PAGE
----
Of course, there are still major gaps in knowledge about the impacts of climate change on forests and people in Africa and about how adaptation measures can best be tailored to local conditions. In any case, it will be important to use participatory approaches to obtain a better understanding of local knowledge and perceptions of climate change. Moreover, new modes of governance should enhance effective stakeholder and community participation, transparent and accountable decision-making, and the equitable sharing of benefits. And thirdly, strategies for adapting forests to climate change must be coordinated with those of other sectors and integrated into national and regional development programmes and strategies. In general, climate change is adding to a range of other pressures on forest ecosystems in Africa, such as agricultural expansion and the over-use of forests. “It is obvious that measures that reduce such non-climatic human-induced pressures can help reduce the overall vulnerability of forest ecosystems”, says Dr. Stevy Makungwa, climate change expert at FORNESSA.
These are some of the key messages conveyed by the new African Policy Brief that is based on a detailed analysis of relevant information contained in the global assessment report “Adaptation of Forests and People to Climate Change” (IUFRO World Series Volume 22) and more than 250 additional literature references identified by African experts.
Committing finances to something as long-term as forest monitoring can be unsettling for politicians. Their careers hinge on regular elections – at short-term intervals.
Putting money into monitoring “makes good sense… But we need to show them that it makes sense,” said Konstantin von Teuffel, of the Forest Research Institute in Baden-Wurttemberg, Germany. “If, for example, politicians are to decide on subsidy programs, or decide on legislation or policies on climate change, they need to know what state the forests are in. And they need to know based on sound scientific measurements taken over a reasonably lengthy period of time, not assumptions.”
Dr. von Teuffel will coordinate a session linking long-term scientific forest monitoring to political decision-making at the 2010 IUFRO World Congress in Seoul.
He plans to build on information gathered in Buenos Aires at the World Forestry Congress last fall, where politicians and decision-makers involved in forest issues were asked about their expectations in regard to monitoring activities. “That input will be presented to the scientists in Seoul and we will discuss how best to respond to the policy makers’ needs,” he said. “We must show that monitoring is connected to real world decisions.”
He sees his session helping to increase awareness of the importance of long-term monitoring – the challenges, opportunities and priorities. It will bring together people from all continents and, he anticipates, result in a catalogue of guidelines that will allow researchers to group and prioritize forest-monitoring needs and also outline some best practices.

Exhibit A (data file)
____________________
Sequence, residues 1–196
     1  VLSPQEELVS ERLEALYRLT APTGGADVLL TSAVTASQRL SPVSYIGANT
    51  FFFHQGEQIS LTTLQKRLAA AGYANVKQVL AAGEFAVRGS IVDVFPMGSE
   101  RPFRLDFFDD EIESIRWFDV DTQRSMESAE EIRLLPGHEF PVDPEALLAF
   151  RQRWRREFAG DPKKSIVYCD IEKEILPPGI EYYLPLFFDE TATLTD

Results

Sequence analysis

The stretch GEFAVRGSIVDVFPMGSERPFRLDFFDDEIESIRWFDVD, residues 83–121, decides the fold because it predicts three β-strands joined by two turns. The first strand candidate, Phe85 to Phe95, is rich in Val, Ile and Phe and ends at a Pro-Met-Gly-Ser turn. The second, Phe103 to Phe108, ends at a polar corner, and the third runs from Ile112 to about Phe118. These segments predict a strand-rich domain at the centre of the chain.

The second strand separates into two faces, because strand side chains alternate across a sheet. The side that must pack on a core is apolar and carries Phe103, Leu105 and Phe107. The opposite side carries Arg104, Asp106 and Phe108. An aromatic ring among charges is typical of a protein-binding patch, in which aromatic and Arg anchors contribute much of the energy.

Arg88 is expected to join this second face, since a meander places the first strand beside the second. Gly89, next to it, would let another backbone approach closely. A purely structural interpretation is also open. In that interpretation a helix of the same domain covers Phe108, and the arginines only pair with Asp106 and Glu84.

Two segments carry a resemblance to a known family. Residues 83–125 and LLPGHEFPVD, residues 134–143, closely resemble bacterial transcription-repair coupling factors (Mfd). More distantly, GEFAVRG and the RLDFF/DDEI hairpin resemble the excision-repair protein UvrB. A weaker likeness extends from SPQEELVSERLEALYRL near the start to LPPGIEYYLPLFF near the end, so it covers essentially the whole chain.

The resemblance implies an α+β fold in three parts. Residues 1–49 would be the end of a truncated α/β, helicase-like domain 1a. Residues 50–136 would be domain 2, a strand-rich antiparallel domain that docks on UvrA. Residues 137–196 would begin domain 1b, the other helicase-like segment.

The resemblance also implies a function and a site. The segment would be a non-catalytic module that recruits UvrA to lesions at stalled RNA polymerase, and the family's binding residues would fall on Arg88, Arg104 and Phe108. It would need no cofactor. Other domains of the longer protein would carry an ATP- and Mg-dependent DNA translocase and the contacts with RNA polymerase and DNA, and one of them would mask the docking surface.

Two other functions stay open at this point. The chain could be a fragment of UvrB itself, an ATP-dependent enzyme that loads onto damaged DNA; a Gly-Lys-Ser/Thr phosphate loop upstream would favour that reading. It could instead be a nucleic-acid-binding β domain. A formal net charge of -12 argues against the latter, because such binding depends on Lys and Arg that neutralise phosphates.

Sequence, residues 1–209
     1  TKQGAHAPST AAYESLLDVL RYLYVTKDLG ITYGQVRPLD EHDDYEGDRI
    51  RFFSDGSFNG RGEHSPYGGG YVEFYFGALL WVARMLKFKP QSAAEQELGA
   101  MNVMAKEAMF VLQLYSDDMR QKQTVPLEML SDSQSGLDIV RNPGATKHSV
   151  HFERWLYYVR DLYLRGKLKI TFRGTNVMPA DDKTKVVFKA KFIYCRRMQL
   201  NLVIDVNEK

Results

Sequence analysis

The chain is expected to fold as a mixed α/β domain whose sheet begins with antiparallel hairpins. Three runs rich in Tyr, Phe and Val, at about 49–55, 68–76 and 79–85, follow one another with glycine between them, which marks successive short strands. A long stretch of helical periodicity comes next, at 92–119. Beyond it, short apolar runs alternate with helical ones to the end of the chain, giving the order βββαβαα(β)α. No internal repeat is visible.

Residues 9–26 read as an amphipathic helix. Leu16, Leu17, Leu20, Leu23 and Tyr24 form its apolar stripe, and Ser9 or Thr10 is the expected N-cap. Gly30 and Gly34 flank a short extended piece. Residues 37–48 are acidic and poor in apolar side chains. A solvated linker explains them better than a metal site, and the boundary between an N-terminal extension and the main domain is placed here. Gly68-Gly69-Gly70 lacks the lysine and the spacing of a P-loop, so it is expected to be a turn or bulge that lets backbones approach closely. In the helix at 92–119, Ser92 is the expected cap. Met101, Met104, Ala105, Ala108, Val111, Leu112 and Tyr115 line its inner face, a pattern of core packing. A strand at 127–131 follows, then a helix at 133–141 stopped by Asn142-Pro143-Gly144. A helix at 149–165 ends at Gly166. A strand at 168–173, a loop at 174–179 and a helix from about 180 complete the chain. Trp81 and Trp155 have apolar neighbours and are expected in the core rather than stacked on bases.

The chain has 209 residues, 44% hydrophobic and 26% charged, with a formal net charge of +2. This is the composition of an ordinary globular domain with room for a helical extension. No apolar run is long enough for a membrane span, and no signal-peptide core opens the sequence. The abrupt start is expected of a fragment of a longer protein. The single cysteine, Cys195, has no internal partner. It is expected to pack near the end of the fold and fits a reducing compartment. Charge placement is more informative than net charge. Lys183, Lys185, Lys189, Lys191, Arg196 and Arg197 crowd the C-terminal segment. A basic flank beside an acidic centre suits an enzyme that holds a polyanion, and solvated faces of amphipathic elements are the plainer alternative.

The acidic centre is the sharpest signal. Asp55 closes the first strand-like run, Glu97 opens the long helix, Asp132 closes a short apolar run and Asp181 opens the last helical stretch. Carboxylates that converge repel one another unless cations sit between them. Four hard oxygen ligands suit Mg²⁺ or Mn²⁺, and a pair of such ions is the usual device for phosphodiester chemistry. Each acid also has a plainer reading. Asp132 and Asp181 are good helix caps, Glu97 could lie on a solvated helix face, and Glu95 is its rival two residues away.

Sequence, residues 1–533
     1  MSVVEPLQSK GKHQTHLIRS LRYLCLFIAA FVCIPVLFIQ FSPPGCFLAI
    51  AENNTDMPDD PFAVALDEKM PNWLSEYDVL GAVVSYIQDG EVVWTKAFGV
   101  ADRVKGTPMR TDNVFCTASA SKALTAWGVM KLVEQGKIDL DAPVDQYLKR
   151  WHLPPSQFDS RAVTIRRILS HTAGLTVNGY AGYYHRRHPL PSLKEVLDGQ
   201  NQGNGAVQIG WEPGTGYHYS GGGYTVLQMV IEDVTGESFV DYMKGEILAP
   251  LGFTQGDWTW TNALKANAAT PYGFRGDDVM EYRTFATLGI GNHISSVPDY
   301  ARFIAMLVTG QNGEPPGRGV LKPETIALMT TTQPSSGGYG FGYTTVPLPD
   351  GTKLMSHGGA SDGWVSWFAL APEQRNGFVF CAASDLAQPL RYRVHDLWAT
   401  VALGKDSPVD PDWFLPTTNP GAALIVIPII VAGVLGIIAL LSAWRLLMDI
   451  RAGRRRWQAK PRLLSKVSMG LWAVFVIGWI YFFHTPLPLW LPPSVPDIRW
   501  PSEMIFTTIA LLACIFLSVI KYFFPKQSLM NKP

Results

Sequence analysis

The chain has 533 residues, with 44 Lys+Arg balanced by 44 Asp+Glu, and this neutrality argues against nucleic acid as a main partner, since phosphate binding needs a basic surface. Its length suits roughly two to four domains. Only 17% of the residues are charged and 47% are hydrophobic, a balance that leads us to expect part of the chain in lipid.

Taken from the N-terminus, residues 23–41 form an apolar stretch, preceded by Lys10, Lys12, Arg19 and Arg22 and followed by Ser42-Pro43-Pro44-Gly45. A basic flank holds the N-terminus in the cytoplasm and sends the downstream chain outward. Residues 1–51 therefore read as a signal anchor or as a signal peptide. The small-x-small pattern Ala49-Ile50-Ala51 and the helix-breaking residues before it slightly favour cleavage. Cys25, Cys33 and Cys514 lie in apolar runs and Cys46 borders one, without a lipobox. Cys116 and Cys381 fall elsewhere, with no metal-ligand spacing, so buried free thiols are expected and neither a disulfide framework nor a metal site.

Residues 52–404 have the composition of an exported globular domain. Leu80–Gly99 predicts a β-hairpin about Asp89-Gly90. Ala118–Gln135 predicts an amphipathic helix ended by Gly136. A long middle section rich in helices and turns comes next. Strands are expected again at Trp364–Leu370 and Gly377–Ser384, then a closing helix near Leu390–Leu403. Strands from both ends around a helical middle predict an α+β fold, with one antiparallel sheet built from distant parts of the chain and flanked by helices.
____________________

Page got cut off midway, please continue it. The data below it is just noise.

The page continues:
Forestry is moving out of the country and into the cities.
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“More than half the world’s population now lives in cities and towns and more forests are coming under urban influence. As foresters we’d better make sure we’re prepared to work in urban settings,” says Professor Cecil Konijnendijk of the University of Copenhagen.
Urban forests, in addition to making cities more attractive, promote human health and well-being, sequester carbon, filter pollutants from the air, provide shade, reduce wind and flooding, improve urban microclimates and protect urban drinking water resources.
“Urban forests and trees are part of the solution to some of the big issues of the day,” he says. “Think climate change, where urban vegetation can help cities adapt to higher temperatures, freak weather occurrences and the like; or trees producing food to help ease shortages in some developing countries.
“But,” says Professor Konijnendijk, who will coordinate a session on promoting urban forest partnerships between scientists and communities at the 2010 IUFRO World Forestry Congress in Seoul, “we still lack knowledge about how trees grow in urban settings and what their optimum contributions are or can be in terms of the goods and services they provide.
“We need to find how to protect, design and develop them in a better way. We, as scientists, have to collaborate closely with those who plan and manage our urban forests,” he says.
(Vienna, 15 February 2010) – Contemporary African societies are a mix of modernized, western society and traditional African roots. Those traditions mean that people – rural and urban – still consume bushmeat for reasons linked to culture, taste and attachment to healthy, natural products.
However, the scale of hunting occurring in Central Africa poses a threat to many tropical forest species. The response to this has typically been legal: ban the trade in bushmeat and criminalize the hunters and consumers.
This, said Nathalie Van Vliet, Bushmeat strategic advisor for TRAFFIC, has not been terribly effective. The trade continues to flourish but in a hidden economy that makes it more difficult to manage or control.
Those in the bushmeat trade who make money out of the commercialisation of rare species for the urban markets need to be strictly controlled. However, those who eat bushmeat for their own nutrition or sell bushmeat to pay for medicines or school fees, should not be presented as criminals,” she says.
Dr. Van Vliet will coordinate a session dealing with the hunting of bushmeat in Central Africa at the 2010 IUFRO World Congress in Seoul.
She hopes her session will reach beyond conservationists to also integrate the input of social, health and economic stakeholders to help develop more integrated bushmeat strategies and policies.
This podcast is an introduction to the Global Forest Information Service (GFIS) by Eero Mikkola (project coordinator). He explains to us how GFIS works, what the future plans for development are and what is important for you to know!
Enjoy your listening!